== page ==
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Aug 23, 2014
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New and Notable
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New and Notable: Off the Vine
By Michael Renner • photos by Josh Monken
Posted On: 03/01/2008   

On a Friday morning, laptop in hand, I visited Off the Vine – the new South City contemporary wine bistro – for coffee, pastries and Wi-Fi. But for executive chef Andy White and another cook, the place was empty. White explained that during the first month of operation exactly six people came in, so he nixed the early breakfast hours. A smart move, given that a new restaurant can’t be all things to all diners.

With White at the stove, a lack of patrons certainly isn’t a problem during lunch and dinner, especially on weekends, when the two-month-old bistro fills up quickly. Diners are flocking to Off the Vine, hungry for White’s fanciful yet solidly Midwestern cooking (he is, after all, a South City boy), a style they followed from Café Campagnard to Harvest to, most recently, Balaban’s. He’s a skilled facilitator, introducing diverse ingredients to each other and making sure they work in harmony. Since this is winter, expect to see a menu full of beef, lamb, pork, chicken and seafood bolstered with a full array of comforting, seasonal sides (though the lack of even one vegetarian entrée is a big oversight).

An off-the-menu speckled sea trout was a good example. The coastal gamefish was pan roasted, swathed with a celery root velouté and set atop crispy celery-root hush puppies. The duck confit was just as wintry, with almost perfect results. Slow-roasted in its own fat, the duck was fall-off-the-bone tender with a hint of spice (cinnamon?) and served with a substantial herbed bread pudding. While the blood orange vinaigrette added punch and the celery gratinée provided texture, the bread pudding was more stuffing-like than pudding-like, and too dry.

Vegetarian comment aside, the kitchen works wonders with meat. If the grilled flat-iron steak – charred on the outside, juicy pink on the inside – was rich and satisfying, the bacon-wrapped pork tenderloin was transcendent. The former was plated on a bed of “melted” spinach and came with a towering Fontina cheese-potato casserole, while cider-braised cabbage and apple fritters accompanied that beautiful portion of Iowa-raised pork. An appetizer of braised boneless short rib, served with risotto and olives in a pool of dark, rustic-tasting sauce, was dense and chewy, the olives providing a deliciously sharp contrast to the meat’s richness.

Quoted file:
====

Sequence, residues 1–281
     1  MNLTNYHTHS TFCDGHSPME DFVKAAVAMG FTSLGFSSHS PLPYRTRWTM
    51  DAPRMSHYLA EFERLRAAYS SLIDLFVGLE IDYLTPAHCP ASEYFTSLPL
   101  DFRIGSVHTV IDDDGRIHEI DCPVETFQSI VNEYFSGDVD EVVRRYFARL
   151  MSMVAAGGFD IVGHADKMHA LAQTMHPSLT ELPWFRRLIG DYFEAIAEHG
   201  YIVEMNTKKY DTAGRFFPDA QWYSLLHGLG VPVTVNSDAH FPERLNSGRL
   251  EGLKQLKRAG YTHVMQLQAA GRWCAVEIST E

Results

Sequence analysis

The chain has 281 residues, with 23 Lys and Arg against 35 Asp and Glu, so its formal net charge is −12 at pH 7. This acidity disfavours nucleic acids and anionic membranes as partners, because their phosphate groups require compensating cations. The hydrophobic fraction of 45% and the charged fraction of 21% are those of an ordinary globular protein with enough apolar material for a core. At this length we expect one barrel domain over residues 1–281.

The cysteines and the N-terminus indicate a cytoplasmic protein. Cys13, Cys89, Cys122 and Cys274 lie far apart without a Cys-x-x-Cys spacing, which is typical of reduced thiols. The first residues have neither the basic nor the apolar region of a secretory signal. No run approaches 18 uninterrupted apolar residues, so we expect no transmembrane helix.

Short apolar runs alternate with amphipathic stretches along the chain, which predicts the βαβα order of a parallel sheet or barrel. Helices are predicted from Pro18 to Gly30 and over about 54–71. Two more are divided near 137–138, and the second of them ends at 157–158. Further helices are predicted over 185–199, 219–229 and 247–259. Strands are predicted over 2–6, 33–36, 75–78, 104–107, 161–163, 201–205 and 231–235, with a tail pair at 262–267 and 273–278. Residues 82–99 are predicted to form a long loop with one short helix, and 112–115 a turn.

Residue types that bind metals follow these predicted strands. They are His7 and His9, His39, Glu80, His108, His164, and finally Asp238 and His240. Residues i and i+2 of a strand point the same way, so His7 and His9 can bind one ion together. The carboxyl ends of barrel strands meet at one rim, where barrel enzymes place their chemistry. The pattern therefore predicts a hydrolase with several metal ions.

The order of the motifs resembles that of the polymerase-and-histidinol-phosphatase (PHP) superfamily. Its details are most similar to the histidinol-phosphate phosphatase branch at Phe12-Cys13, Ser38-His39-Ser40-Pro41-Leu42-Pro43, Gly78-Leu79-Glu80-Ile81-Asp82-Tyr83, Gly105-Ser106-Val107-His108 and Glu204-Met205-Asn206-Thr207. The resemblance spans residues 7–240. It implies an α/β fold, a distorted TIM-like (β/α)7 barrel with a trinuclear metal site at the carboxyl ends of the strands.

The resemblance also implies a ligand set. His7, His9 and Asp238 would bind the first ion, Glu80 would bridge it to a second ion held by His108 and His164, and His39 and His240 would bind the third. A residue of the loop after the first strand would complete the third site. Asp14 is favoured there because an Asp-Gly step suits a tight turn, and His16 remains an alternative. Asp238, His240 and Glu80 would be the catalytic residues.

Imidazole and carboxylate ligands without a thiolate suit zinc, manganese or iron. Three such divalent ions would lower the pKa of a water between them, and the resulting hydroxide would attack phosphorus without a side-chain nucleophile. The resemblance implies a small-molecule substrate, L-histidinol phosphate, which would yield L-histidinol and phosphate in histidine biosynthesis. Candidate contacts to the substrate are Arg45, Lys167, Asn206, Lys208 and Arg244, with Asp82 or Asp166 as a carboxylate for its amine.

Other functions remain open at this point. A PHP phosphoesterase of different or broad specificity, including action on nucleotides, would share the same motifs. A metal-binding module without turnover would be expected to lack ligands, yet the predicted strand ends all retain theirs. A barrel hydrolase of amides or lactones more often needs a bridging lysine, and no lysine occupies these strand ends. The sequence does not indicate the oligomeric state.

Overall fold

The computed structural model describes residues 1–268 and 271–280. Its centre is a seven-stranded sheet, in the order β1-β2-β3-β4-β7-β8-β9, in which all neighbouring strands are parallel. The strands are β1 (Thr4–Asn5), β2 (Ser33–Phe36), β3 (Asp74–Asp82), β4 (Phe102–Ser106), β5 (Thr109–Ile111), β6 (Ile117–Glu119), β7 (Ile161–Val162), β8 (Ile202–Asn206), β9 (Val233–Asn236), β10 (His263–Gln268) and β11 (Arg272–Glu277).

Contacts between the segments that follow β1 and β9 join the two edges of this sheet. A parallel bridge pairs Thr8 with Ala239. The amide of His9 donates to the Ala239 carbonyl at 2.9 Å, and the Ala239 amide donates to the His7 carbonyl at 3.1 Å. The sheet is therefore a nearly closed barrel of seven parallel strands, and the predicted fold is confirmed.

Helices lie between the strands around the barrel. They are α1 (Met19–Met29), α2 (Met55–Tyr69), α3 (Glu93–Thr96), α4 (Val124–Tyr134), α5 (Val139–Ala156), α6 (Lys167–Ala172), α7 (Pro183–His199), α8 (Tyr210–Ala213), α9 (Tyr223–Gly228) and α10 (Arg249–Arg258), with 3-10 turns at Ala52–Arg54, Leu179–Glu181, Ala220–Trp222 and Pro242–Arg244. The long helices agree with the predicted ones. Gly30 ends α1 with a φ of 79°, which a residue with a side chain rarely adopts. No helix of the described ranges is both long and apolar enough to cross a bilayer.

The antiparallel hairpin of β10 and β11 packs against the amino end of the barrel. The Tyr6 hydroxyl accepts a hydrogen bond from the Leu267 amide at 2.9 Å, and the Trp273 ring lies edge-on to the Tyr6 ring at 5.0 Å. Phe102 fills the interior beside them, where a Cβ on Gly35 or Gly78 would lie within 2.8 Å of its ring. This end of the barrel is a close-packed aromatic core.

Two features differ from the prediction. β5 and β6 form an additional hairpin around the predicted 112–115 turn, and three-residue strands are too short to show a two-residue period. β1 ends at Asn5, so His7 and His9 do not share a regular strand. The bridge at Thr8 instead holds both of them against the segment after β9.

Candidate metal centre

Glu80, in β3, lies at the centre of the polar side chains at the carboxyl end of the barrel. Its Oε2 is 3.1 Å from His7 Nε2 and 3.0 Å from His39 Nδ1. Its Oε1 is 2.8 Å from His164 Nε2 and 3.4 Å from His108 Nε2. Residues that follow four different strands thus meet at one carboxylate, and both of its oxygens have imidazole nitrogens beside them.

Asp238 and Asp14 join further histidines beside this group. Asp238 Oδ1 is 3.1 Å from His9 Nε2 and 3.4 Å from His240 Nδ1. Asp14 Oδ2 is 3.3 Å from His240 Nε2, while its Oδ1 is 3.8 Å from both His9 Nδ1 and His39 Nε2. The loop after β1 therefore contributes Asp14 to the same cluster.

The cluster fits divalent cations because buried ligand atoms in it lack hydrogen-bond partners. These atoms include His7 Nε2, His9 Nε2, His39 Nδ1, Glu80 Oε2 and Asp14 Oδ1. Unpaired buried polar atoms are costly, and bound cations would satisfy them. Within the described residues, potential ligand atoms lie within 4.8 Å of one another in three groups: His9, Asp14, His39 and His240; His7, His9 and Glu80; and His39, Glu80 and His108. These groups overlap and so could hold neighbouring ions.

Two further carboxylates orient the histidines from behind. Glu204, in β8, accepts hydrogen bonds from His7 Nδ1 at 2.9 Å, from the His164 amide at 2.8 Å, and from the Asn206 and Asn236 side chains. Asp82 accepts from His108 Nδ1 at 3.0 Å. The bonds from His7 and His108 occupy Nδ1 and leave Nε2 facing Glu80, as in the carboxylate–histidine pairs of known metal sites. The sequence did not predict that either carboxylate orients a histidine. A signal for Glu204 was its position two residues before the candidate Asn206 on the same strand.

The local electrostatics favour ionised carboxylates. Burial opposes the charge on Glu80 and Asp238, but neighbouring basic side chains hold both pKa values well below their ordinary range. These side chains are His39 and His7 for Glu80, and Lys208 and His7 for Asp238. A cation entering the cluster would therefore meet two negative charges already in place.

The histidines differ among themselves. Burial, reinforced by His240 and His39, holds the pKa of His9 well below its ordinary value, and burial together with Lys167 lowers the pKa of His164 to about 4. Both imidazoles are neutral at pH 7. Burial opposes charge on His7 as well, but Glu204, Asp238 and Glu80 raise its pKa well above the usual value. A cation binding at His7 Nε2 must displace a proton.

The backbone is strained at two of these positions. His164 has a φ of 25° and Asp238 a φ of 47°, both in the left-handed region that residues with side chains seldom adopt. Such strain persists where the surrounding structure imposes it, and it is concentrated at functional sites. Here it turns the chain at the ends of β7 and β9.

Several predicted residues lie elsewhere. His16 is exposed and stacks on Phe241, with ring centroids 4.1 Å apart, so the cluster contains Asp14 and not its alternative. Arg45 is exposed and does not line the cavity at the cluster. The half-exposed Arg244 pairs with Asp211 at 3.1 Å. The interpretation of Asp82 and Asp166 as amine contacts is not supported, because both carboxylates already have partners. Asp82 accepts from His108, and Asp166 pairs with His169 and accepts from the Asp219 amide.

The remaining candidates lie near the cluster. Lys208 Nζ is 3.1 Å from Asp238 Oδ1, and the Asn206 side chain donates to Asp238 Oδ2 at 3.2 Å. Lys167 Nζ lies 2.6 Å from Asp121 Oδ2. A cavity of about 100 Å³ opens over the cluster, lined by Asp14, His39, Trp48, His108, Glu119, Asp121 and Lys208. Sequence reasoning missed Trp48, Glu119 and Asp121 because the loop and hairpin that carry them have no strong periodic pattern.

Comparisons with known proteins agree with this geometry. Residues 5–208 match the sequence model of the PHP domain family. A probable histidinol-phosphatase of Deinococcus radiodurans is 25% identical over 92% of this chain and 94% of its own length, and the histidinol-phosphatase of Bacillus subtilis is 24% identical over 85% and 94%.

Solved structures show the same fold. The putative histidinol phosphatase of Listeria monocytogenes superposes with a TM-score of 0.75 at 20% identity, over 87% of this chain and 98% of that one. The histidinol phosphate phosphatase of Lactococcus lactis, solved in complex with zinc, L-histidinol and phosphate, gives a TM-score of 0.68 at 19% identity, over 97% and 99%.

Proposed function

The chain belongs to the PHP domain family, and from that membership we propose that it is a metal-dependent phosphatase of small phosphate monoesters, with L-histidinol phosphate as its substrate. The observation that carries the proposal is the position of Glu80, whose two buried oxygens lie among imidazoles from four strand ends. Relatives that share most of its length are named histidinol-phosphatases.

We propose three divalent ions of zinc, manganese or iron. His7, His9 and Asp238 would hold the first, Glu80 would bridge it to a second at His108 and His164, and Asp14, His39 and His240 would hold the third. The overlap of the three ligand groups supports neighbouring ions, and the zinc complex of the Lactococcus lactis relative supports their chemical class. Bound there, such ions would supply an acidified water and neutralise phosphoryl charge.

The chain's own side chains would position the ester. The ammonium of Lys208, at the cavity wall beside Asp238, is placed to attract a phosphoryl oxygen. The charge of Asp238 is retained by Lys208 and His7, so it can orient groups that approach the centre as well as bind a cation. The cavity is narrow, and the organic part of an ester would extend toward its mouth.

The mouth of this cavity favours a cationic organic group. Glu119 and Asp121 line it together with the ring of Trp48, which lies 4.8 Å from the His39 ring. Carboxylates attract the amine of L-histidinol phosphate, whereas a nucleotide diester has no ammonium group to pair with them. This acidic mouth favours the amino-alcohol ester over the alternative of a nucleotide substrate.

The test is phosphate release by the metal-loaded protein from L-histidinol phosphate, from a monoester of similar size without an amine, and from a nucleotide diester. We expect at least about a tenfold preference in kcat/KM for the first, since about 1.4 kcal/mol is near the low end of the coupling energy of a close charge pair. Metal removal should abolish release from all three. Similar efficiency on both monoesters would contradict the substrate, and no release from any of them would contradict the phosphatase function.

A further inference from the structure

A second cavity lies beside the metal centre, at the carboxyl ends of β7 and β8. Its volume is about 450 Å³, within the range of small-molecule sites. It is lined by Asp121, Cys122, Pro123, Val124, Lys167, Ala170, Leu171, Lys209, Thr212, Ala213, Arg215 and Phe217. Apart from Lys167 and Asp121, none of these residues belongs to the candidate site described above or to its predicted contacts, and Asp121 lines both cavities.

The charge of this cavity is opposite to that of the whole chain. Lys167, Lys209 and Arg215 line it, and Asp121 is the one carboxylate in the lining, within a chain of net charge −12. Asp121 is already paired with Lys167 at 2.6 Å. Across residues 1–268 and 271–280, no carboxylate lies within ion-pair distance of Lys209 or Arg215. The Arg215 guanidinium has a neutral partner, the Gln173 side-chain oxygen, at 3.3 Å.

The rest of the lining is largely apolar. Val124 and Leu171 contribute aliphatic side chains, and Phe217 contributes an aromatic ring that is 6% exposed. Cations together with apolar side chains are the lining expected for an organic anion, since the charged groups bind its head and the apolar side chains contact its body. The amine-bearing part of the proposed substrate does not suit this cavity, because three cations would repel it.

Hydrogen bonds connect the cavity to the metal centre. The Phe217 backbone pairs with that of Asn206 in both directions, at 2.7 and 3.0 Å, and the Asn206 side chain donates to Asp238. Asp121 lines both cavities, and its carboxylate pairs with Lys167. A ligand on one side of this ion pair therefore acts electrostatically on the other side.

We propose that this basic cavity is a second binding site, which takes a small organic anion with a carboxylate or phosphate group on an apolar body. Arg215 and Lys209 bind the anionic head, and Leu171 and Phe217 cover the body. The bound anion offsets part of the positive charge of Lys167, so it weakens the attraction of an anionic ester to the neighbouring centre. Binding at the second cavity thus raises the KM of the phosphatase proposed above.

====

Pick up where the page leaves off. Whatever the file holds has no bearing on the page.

Soups and salads offer new takes on traditional fare. While the butternut squash soup – laced with lemon crema and toasted cinnamon oil – was the best I’ve had in ages, the hearty white bean soup lacked proper salting. A salad of roasted beets, pine nuts, crispy artichoke hearts and a slathering of creamy goat cheese further enhanced the season.

Zito’s, Blue Water Grill and La Veranda all occupied the little building with the cramped parking lot at one time or another. Managing partners John McDonald (of Nick’s Pub) and Travis Thompson spearheaded the interior’s transformation. Awash in warm amber and bronze tones with a fireplace flickering in the center of the dining room and votive candles glowing from the wall sconces, the place is so damn cozy that an overstuffed couch seems fitting as you nosh on a roasted apple flatbread appetizer, entranced by its salty, sweet creaminess. Odd for a new restaurant of this caliber, though, to allow smoking in the small bar area, which is really more of a holding station for waiting diners.

True to the bistro’s name, wine director Chuck Abramson is working with a list as innovative as White’s menu, with about 90 bottles, including many half-bottles, a great way to sample different wines. Bottle markup is 100 percent, a bit below the average restaurant markup, with good values such as Ten Mile Red and Newton Claret. Equally smart is the wine-by-the-glass option of 3-ounce or 6-ounce pours, making it easier to pair different wines with each course.

Chef White makes nearly everything in-house: rolls, pickled vegetables (too tart) and desserts (roasted banana-Nutella crêpe anyone?). Even the fries are hand-cut. Too bad we were served store-bought frozen fries when the kitchen came up short a few potatoes. It happens all the time in restaurants and most diners understand – if they are informed at the time. We were told about the substitution only after we questioned our server about the commercial spuds on our plates. Being told we weren’t supposed to notice the switch didn’t help.

While sipping a cup of Kaldi’s coffee, munching on big house-made muffin and checking e-mail would have been nice on that cold Friday morning, there are other delights to explore from White’s kitchen; just wait until the season changes.

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